November 10th, 2009

The Last Two Weeks

For the last couple weeks we have been out of town. The photo above is from the platform of the Palm Springs train station… We didn’t stay there, we were on our way home on a train trip that brought us to Chicago, Austin/San Antonio, and points in between. Meanwhile, work has been progressing on the house.

Our rough electricity is done. Plumbing is done with the exception of our tub connection… Our plumber needed our tub to be able to get the waste and overflow in, the tub showed up (way ahead of schedule) but only after our plumber took off on a vacation, so we’ll wait another couple weeks before its in place.

Lessons Learned

One of the big ordeals that we needed to get square before our trip was to get paperwork in for our next construction draw. This one was relatively straight forward, our bank decided arbitrarily to not give us money for interior doors because we haven’t installed them yet… never mind that we need that money to purchase them in the first place. We can probably go out of pocket to get those ordered but it brings up a point that I think is worth making in case anyone reading this is thinking of building new themselves – dealing with the construction loan is a skill in itself and is frustrating in ways that I’ve been learning to deal with but was not entirely prepared for. I’ve mentioned before that the process is set up for developers who are able to float large amounts of money, and not for individuals trying to scrap together resources and make something nice. So I have a couple of pieces of advice for anyone thinking of doing something like this:

1) Front load your budget. Banks tend to only want to fund things that are completed, as you go your labor builds equity which allows the bank to feel secure in releasing funds that equal what has been built. The problem with this system for us is that we just don’t have the ability to do things like put a $9,000 deposit on our windows, this is why we need the loan in the first place. We ended up inadvertently getting a fair amount of freedom to make those sorts of large deposits because we were able to get a large portion of our permitting fees waved. Were we to do this again we would definitely pad those kinds of items that occur early in the process, a few thousand dollars added to excavation or foundations can make everything go more smoothly and will contribute a lot towards staying on schedule.

2) Don’t feel weird about paying yourself. By the end of construction, I probably will have put in $15,000 – $20,000 worth of my time into the house. It might sound odd to take out a loan that you will have to repay with interest and keep the money for yourself, but there is opportunity cost involved in the construction management. Despite the slow economy, I’m likely down a few thousand dollars in missed work and having that buffer again would make things go much more smoothly.

Changing Weather

The rainy season has definitely begun and it feels like a little bit of a race with the autumn to get the house wrapped up as quickly as possible. Flashing finally went in over all the windows just recently, we had delays in getting it made and had to deal with wetness. It would have been nice to get it all in a couple weeks earlier, but now that the windows are flashed everything is staying pretty dry inside. A side note about the flashing, being a little worried about shininess being visible through the rain screen we had looked into copper flashing that would patina and visually recede behind the cedar. We didn’t go for it mostly because of cost, but our contractor was discussing flashing with people at the Bureau of Environmental services during the recent ecoroof seminar who actively discourage the use of copper because it can cause groundwater contamination.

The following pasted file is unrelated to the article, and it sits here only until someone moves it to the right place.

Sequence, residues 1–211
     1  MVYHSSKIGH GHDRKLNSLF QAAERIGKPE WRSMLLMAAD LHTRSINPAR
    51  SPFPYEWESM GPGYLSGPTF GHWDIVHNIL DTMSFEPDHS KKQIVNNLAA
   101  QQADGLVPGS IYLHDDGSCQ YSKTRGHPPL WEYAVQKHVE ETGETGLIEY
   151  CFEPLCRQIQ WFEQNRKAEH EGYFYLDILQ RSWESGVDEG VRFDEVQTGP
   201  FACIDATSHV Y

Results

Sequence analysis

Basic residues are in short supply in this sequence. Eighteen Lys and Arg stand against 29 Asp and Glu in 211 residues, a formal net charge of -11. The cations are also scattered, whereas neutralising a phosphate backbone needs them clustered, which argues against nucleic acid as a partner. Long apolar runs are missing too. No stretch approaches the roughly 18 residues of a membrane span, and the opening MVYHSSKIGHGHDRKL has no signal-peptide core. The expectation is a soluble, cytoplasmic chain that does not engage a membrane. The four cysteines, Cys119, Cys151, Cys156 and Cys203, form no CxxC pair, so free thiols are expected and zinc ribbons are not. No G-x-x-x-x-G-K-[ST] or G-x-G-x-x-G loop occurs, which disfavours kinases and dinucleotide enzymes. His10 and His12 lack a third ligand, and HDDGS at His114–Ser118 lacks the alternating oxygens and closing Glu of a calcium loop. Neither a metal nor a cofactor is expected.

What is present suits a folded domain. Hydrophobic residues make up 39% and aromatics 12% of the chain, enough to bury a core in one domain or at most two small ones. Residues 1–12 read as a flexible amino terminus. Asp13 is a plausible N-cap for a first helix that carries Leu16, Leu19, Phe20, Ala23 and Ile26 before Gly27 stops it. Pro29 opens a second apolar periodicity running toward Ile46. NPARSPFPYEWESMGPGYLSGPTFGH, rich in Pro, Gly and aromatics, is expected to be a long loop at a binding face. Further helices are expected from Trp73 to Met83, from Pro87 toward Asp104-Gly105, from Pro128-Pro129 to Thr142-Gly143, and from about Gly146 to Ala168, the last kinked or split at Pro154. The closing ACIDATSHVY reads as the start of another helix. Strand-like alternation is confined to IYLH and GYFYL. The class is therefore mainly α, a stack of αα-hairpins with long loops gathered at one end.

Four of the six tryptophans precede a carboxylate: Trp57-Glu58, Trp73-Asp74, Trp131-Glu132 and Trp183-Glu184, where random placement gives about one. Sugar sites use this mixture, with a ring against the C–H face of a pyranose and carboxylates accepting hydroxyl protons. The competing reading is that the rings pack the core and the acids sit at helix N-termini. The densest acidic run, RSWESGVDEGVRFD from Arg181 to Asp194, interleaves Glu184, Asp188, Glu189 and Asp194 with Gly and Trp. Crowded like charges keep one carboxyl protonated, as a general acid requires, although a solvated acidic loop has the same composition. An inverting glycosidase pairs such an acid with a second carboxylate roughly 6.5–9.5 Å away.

Today we are hopefully getting our TPO roofing membrane installed. The process apparently requires dry weather for the actual installation and fortunately the weather is cooperating because who knows when the next time we will get a day of sun. This is the last little bit of weather proofing necessary to keep our house secure inside.


Our huge tulip tree dropped a pretty intense amount of leaves while we were away.


  1. Hi,

    I wondered if you would share more details about your windows, namely what the total cost was, and how many windows there are in your house. You’ve mentioned that they were expensive, and apparently the deposit was $9000, but I’d like to have a better idea of what to expect if I were to purchase similar windows.

    This is a great project. I love that you have put in a root cellar.


    Comment by S@sha — November 10, 2009 @ 14:31
  2. Hi,

    Our windows ran about $19,800 for the whole package. Thats for eleven total pieces. Everything is triple pane, the expensive units were our sliding patio doors with attached awning windows… Those were about $4,000 a piece. We have a couple of small fixed windows that only ran a few hundred dollars, but most window assemblies were some combination of fixed and awning mulled together and those were $1,000 to $1,800 a piece. Its a lot more than we were originally planning on spending on windows but so far its pretty apparent that they’ll add quite a bit to the quality and comfort of the space and were so worth the money.

    Hope that helps.

    Comment by Matt — November 10, 2009 @ 16:25
  3. Thanks, totally helpful! Eleven windows is exactly the number that are in my house, although mine would be replacement not new construction. I live in NM in an adobe house with good summer shade and no air conditioning, and just keep the house comfortable through passive cooling at night and shutting the house up tight during the day. Triple paned windows would be a huge help, especially on our really hot days.

    Comment by S@sha — November 15, 2009 @ 13:33
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